Apr 23, 2015
Control herbicide-resistant pigweeds in asparagus with alternative modes of action

The Photosystem II (PS II) inhibiting herbicides have been used successfully in asparagus production for over 50 years. Current PS II inhibitors labeled for use in asparagus include Karmex (diuron), Lorox (linuron), Sinbar (terbacil) and Tricor or Sencor (metribuzin). Princep (simazine) is no longer labeled for asparagus but was used for many years. These herbicides inhibit photosynthesis. They tend to have long residual lives in the soil and are ideal for perennial crops such as asparagus.Prolonged use of a herbicide or herbicides with the same mode of action (MOA) leads to development of weed resistance. In general, the more effective a herbicide is, the more rapidly resistance develops. In asparagus, several members of the Amaranthaceae family have been verified as resistant to the PSII inhibitors. Resistant Powell amaranth (Amaranthus powellii), and redroot pigweed (Amaranthus retroflexus) are common in many asparagus fields in western Michigan. Smooth pigweed (Amaranthus hybridus) and prostrate pigweed (Amaranthus blitoides) are closely related species that have been verified resistant to PS II inhibitors in other crops. Several other pigweeds and related species in Michigan (Palmer amaranth, common waterhemp, tall waterhemp, tumble pigweed) are known to be resistant to PS II inhibitors.

Fortunately for asparagus growers, we now have several herbicides with different MOA labeled for use in asparagus. By applying at least two residual herbicides with different MOA preemergence in spring and after final harvest, it should be possible to control resistant pigweeds as well as most other annual broadleaves and grasses. The PSII inhibitors should continue to be part of an asparagus weed control plan because of their broad weed control spectrum, low mammalian toxicity, long residual period and moderate cost.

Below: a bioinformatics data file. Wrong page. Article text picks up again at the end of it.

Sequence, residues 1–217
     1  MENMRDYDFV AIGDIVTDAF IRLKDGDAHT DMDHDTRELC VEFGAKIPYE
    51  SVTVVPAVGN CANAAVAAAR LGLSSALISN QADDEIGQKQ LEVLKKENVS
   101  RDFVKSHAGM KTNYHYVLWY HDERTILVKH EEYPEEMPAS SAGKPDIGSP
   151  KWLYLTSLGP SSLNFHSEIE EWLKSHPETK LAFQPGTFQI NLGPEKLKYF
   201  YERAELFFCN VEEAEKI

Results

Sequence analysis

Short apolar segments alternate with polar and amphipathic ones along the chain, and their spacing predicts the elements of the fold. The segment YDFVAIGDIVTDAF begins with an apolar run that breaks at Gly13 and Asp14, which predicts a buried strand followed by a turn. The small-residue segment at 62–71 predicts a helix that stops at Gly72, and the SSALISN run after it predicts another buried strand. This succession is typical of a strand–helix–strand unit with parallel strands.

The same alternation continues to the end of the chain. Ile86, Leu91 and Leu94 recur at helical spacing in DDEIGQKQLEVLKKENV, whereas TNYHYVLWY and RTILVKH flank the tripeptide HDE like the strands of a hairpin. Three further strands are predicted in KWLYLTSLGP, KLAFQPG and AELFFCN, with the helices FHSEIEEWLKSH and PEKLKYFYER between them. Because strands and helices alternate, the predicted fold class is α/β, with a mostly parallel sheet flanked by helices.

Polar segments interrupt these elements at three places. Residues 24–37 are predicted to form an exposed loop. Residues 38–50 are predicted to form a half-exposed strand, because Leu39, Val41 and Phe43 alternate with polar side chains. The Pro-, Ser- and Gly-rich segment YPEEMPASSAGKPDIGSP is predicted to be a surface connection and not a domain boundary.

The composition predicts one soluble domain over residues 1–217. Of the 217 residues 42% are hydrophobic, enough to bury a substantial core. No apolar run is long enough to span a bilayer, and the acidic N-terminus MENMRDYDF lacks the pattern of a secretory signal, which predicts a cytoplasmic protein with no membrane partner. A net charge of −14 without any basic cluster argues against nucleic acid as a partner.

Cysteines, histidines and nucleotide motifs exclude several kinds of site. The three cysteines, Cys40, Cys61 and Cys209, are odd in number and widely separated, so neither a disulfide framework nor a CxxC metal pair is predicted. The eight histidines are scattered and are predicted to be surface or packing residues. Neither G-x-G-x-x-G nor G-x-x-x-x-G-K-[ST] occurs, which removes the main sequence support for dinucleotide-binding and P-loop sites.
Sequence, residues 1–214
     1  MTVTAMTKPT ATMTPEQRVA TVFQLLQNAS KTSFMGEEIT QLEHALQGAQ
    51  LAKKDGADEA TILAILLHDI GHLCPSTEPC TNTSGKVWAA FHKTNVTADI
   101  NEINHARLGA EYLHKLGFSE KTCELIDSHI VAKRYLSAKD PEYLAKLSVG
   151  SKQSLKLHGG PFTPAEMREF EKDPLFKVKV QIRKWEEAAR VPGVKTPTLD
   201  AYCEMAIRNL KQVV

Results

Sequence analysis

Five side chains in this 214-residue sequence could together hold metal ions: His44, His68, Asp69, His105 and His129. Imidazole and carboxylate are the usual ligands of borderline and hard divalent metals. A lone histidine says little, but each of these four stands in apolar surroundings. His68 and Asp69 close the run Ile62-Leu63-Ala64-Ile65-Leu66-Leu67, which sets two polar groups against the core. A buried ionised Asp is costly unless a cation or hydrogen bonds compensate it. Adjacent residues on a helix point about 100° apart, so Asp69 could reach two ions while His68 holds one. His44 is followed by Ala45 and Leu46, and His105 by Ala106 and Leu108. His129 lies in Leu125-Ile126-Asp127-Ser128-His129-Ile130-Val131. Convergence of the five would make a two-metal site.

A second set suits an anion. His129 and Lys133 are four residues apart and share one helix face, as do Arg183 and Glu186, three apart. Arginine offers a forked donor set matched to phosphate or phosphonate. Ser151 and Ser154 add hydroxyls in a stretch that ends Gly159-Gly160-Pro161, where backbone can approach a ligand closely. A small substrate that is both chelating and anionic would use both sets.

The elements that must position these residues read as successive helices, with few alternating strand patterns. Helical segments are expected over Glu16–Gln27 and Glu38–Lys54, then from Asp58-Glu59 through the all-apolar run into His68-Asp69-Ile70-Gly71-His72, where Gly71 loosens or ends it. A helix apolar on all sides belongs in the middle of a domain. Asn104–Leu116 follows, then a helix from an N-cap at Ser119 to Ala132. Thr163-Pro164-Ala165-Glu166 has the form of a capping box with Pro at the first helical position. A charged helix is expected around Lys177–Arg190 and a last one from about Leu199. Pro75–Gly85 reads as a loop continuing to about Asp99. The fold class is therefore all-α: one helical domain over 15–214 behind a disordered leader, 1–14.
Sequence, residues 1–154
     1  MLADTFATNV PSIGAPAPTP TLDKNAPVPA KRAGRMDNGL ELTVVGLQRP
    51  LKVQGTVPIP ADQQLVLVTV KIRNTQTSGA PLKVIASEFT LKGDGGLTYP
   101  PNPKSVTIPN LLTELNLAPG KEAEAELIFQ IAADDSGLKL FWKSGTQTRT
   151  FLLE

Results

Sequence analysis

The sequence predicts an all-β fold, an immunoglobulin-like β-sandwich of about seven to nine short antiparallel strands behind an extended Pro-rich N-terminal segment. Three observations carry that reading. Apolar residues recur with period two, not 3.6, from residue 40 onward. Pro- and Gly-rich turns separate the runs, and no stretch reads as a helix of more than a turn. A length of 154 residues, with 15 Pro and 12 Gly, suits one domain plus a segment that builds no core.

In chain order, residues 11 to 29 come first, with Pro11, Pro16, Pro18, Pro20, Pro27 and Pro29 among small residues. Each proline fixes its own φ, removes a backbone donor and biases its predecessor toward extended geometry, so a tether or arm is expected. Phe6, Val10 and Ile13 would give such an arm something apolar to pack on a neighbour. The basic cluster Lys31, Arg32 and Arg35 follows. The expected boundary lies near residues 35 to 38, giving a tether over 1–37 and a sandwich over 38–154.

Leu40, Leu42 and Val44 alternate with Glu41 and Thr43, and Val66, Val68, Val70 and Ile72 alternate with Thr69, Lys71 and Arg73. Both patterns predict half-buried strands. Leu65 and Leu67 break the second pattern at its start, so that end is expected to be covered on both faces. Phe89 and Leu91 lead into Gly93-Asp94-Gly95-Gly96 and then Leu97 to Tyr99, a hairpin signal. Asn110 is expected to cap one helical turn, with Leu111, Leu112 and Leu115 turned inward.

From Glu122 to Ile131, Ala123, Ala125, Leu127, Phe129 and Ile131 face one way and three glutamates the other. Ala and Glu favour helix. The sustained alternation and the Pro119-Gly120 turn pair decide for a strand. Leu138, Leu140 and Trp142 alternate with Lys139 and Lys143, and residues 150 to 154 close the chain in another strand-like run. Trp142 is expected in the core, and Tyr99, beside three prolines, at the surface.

Several residual herbicides have good pigweed activity. Table 1 lists preemergence herbicides labeled for asparagus, their MOA and their respective Resistance Management Group classification. A weed management plan that includes control of most weeds, including resistant pigweeds, should include both PS II inhibitors and other herbicides with different MOA. All applications should include two MOA. Weed control in spring the following year should include another PSII inhibitor and a herbicide with a different MOA. With this approach, resistant pigweeds will be controlled most of the season.

In addition to preemergence residual herbicides, several postemergence herbicides may be used in asparagus. Table 2 lists postemergence foliar-active herbicides labeled for asparagus. Most of them may be applied in the crop during harvest with a short pre-harvest interval (PHI) of 1-3 days. In general, at least one postemergence application during harvest is needed to control germinating and emerged pigweeds. The cotyledon through the 2 true-leaf stage is the most effective time of control. Lorox should not be used postemergence on resistant pigweeds.

Michigan State University Extension advises that a resistant pigweed control plan should include accurate records of weeds present in a field, herbicide and rate applied, date of application and effectiveness. Visual ratings can be based on a 1-10 scale (10=dead), or a percentage control (100=dead). If certain areas of a field are infested with specific pigweeds or perennials that have escaped herbicides, note the species and location for later application. A good weed identification book helps in determining which weed species are present.

With a resistance management plan in place and careful adherence and observation, it should be possible to control PSII resistant pigweeds.

Bernard Zandstra, Michigan State University Extension and Department of Horticulture

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